Meg Whitman was hoping for a treat, but California voters seem to have played a cruel Halloween trick on her instead. Unless something rather unexpected happens in the next week, she is going to get roundly beaten by Jerry Brown in the gubernatorial election. According to a Los Angeles Times/USC poll released over the weekend, Jerry Brown now leads Whitman 52% to 39% among likely voters. That’s adding a whole lot of insult to the injury resulting from having famously spent $140 million of her own money on her campaign.
Whitman, of course, is a businesswoman. Presumably, therefore, she understands all about the folly of pouring good money after bad. If the writing that she sees on the wall today had been legible just a month ago, she would have kept on fighting the good fight, no doubt, but not quite so extravagantly. However, California voters kept giving her just enough hope to induce her to keep pouring tens of millions more of her own money into the race.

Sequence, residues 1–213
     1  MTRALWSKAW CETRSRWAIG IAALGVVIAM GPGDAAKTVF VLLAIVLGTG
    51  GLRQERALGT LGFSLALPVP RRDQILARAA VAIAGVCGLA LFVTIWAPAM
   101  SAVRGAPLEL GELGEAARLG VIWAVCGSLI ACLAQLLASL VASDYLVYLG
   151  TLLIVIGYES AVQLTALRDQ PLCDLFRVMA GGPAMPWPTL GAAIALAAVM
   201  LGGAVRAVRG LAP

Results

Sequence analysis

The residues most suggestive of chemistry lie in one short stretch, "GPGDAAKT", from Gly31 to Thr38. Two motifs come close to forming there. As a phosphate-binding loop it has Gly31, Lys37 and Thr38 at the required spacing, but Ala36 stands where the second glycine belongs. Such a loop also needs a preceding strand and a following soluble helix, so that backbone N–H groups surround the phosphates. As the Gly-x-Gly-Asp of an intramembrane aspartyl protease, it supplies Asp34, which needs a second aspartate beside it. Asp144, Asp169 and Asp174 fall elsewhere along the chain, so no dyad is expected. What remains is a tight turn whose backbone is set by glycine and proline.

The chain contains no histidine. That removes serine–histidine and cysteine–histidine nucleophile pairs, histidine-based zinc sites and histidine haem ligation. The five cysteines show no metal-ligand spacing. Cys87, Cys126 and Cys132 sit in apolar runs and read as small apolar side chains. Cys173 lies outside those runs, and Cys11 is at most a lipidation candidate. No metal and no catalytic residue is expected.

Back in March 2009, Whitman had estimated that her campaign spending would be in the ballpark of $50 million:
Whitman is eager to fight what will probably be the most expensive governor’s race in history. When I mention that I’ve heard that her campaign might cost $150 million to $200 million, she doesn’t bristle. And when I ask whether she’s willing to spend, say, $50 million of her own money, she nods and replies enthusiastically, “It’s conceivable!” Brown is amused but also a bit intimidated by the newcomer’s challenge: “I would not underestimate her,” he says. “Fifty million? That’s a lot!”
And there she was, just two weeks ago, putting in another $20 million, to bring her close to the $140 million mark:
California GOP gubernatorial nominee Meg Whitman has contributed an additional $20 million to her own campaign.
The latest contribution was made Tuesday night while much of the political press corps was focused on her heated debate with her Democratic opponent Jerry Brown, a source told POLITICO
The former eBay CEO has now contributed $139 million of her own funds to her record-setting campaign.
And all because the polls showed her still running fairly close.